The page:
Although he never struck it rich, James Marshall is linked forever to the story of the California gold rush as the man who set the whole world heading westward with his discovery of gold along the American River in northern California.
Marshall was born in 1810 in New Jersey and took up his father's trade as a skilled carpenter and wheelwright. At age eighteen he decided to head west, settling as a farmer near Fort Leavenworth, Kansas, after briefly residing in Indiana and Illinois. After several unhealthy and unsuccessful years of famine, Marshall decided in 1844 to join a wagon train headed to California.
In July of 1845, Marshall arrived at the Sacramento River settlement run by John Sutter, who quickly gave him employment as a carpenter. Marshall's economic prospects brightened considerably, and he soon owned livestock and several hundred acres of land in the Sacramento Valley. He was also among the up-and-coming settlers who joined forces with John C. Fremont early in 1846 to stage the Bear Flag Revolt, a premature bid to seize control of California that was snuffed out when American troops arrived to occupy the territory at the start of the Mexican-American war.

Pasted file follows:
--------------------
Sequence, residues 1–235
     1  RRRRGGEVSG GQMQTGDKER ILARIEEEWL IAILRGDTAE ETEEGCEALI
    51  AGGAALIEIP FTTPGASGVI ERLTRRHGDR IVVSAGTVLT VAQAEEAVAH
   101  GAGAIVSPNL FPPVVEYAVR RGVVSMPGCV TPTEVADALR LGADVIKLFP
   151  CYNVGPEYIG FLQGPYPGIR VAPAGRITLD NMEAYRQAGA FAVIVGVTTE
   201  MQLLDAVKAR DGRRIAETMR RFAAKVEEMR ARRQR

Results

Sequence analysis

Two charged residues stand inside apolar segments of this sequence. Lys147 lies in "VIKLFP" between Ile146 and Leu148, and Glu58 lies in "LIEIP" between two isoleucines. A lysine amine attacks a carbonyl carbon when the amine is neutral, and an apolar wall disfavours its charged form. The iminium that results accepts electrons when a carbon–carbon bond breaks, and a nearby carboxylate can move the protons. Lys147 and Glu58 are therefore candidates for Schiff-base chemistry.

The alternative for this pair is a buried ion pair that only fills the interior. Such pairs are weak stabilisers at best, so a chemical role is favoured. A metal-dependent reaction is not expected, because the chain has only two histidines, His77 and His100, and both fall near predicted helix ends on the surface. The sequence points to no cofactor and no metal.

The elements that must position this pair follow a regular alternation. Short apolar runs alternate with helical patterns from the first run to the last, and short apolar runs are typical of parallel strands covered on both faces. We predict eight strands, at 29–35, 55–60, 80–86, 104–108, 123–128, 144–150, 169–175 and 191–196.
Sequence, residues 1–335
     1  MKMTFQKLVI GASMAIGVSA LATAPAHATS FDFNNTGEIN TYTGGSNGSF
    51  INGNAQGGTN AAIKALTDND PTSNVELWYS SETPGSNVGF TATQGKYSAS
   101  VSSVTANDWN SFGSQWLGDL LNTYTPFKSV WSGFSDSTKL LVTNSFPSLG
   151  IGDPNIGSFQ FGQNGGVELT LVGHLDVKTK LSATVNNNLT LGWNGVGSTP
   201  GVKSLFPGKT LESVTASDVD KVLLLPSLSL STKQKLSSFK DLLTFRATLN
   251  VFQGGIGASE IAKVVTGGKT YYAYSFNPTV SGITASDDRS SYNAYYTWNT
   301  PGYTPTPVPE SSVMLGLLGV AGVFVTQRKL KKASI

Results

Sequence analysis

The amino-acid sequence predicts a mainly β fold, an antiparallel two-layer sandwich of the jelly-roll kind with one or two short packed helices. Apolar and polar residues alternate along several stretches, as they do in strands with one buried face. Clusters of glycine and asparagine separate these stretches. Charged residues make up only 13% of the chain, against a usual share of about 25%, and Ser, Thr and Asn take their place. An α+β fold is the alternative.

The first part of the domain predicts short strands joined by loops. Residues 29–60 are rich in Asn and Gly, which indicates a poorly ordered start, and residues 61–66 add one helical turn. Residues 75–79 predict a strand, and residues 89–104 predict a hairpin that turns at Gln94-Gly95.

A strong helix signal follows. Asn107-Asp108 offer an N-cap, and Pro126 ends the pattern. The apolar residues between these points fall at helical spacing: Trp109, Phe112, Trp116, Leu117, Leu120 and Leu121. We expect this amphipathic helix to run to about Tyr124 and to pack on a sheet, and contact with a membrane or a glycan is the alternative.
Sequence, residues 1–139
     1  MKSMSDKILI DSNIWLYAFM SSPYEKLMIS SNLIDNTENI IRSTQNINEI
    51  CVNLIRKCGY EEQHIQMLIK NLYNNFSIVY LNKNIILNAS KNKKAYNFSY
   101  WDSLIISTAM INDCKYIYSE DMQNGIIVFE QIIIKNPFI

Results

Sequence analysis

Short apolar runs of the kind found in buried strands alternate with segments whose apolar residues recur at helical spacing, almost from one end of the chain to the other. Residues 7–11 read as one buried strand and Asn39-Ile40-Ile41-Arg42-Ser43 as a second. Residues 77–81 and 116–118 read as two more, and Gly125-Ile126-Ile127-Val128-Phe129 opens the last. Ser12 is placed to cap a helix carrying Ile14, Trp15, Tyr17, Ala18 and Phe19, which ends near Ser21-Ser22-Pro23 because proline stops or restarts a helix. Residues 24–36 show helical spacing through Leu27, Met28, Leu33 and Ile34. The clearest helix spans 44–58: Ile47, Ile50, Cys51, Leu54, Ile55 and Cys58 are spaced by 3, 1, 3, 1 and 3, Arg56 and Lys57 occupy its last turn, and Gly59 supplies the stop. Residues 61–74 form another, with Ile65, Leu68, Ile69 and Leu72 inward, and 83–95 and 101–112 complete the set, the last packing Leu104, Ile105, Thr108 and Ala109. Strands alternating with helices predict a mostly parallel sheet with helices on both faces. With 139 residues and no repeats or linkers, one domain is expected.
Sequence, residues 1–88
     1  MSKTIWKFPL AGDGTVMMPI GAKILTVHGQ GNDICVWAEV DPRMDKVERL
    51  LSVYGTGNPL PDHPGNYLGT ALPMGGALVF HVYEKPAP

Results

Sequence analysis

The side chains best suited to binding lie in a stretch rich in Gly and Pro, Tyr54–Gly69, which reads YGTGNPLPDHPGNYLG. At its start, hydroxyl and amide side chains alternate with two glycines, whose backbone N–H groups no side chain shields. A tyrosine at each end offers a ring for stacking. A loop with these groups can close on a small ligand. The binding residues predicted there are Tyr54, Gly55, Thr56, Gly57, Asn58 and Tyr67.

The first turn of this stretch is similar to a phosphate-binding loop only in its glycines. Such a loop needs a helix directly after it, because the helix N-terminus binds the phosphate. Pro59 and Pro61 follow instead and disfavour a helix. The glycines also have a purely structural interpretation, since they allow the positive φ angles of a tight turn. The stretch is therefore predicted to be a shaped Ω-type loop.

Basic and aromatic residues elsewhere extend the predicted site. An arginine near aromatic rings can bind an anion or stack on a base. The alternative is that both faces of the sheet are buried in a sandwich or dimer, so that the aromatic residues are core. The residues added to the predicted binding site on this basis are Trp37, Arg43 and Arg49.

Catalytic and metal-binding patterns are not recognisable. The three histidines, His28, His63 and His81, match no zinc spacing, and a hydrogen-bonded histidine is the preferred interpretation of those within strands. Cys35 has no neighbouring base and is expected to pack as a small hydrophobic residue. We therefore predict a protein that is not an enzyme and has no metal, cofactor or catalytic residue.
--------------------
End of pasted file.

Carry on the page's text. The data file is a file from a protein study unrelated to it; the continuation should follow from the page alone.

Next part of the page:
Marshall served in Fremont's California Battalion, the remnant of the revolt, for the next year, then returned to the Sacramento Valley to find that his cattle had been stolen. Forced by financial necessity to sell his ranch, Marshall formed a partnership with John Sutter to construct a sawmill along the American River, agreeing to operate the mill in return for a portion of the lumber. On January 24, 1848, while checking to see that the tailrace of the mill had been flushed clean of silt and debris, Marshall looked down through the clear water and saw gold.
Ironically, the subsequent gold rush actually harmed the man who had begun it. Marshall was unsuccessful in securing legal or practical recognition of his own claims in the gold fields, and his sawmill quickly failed when all able-bodied men in the area turned all their efforts to the search for gold. Marshall bitterly resented his misfortune, but he was helpless to change a course of events he had himself set in motion. Through the rest of his life, he drifted from place to place in California, eventually settling in a spartan homesteader's cabin where he raised a small subsistence garden. He died in 1885.